The world faces two major financial problems for which, luckily, there is an attractive common solution. This might be just the right time for taking the first steps towards implementing it.

The first problem is the scarcity of capital in general, and of money for infrastructure investments in particular, in large swathes of the developing world. It is widely recognised that poor infrastructure holds back development, reduces growth potential and imposes additional costs, in particular on the poor who often do not have access to energy, water, sanitation and transport.

The second problem is the current sclerotic, even negative real rate of return on listed bonds and equities in many developed economies. The concentration of the portfolios of many long-term investors in such listed securities also exposes them to high levels of systemic, and often hidden, risk.

Norway's SWF - A risky strategy that locks in low returns

This piece is the latest salvo in my on-going public debate with Norway's Ministry of Finance, that lays out the investment strategy for its $750bn sovereign wealth fund, now the biggest in the world. It appears in today's Aftenposten in response to comments by the Deputy Minister of Finance in the same newspaper.  

Norway’s future is intimately linked to how well the GPF - its $750bn sovereign wealth fund, already 150% of GDP and rising - is run. Under the 4% spending rule, as much as 15% of all government spending already comes from the GPF. Hence, returns on GPF investments and the final size of the GPF are probably more important for Norway’s economy than any other single policy.  Yet, there is little scrutiny of the merits of the GPF’s investment strategy, which is deeply flawed.

Secretary Singsaas is correct to say that GPF strategy should be based on evidence and my report provides exactly the kind of analytical basis that is necessary to improve the present approach. She agrees that there is a financial case for the GPF to make more investments in the green economy and in developing countries, but suggests incremental actions that are too little too late. The central recommendations of my report are not addressed.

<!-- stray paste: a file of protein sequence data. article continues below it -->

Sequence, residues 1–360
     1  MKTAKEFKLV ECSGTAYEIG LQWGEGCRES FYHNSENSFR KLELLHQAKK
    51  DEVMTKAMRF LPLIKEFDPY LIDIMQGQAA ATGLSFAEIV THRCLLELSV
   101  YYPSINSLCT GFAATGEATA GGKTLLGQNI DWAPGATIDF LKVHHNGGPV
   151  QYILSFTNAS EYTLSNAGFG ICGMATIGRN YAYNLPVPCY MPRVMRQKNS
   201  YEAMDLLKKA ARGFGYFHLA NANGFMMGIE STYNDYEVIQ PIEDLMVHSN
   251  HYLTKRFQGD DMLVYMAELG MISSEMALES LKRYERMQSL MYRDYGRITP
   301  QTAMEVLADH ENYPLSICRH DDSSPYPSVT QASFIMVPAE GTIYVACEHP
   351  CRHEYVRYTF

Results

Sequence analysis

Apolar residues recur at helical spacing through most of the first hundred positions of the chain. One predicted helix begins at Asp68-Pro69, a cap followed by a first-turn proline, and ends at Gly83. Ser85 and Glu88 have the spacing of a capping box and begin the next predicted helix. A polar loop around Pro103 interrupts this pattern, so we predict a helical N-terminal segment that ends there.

Investing for the Future - Norway's SWF needs to change

Re-Define has launched a major new report on the Norwegian Sovereign Wealth Fund, the largest in the world.  The report can be found here and the press release here

I still remember that feeling of surprise when I first looked at Norway's Sovereign Wealth Fund (GPF), now the world's largest, in 2007. Having worked both in the financial industry and in public policy, I was struck by three observations in particular. They still make me uneasy.

The first was how the portfolio, in 2007, was comprised almost entirely of investments in liquid securities in the developed world. These still constitute more than 90% of the GPF. The second was how some of the largest investments of the GPF were in oil companies. Even today, three of the ten largest equity holdings of the GPF today are in oil majors and as much as 10%-15% of the overall portfolio is heavily exposed to oil, gas or coal. The third was the laid-back approach the GPF took to engaging on matters of governance, policy and ethical guidelines, which has not changed.

 

Pages